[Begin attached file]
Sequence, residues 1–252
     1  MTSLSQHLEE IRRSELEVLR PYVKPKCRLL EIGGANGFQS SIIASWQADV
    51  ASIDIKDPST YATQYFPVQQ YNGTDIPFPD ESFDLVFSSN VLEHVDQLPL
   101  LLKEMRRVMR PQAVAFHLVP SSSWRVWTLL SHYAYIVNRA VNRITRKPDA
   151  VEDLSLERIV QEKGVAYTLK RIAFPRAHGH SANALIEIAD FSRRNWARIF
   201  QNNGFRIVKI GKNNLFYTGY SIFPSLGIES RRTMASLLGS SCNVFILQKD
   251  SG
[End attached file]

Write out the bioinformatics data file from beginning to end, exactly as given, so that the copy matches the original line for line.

Sequence, residues 1–252
     1  MTSLSQHLEE IRRSELEVLR PYVKPKCRLL EIGGANGFQS SIIASWQADV
    51  ASIDIKDPST YATQYFPVQQ YNGTDIPFPD ESFDLVFSSN VLEHVDQLPL
   101  LLKEMRRVMR PQAVAFHLVP SSSWRVWTLL SHYAYIVNRA VNRITRKPDA
   151  VEDLSLERIV QEKGVAYTLK RIAFPRAHGH SANALIEIAD FSRRNWARIF
   201  QNNGFRIVKI GKNNLFYTGY SIFPSLGIES RRTMASLLGS SCNVFILQKD
   251  SG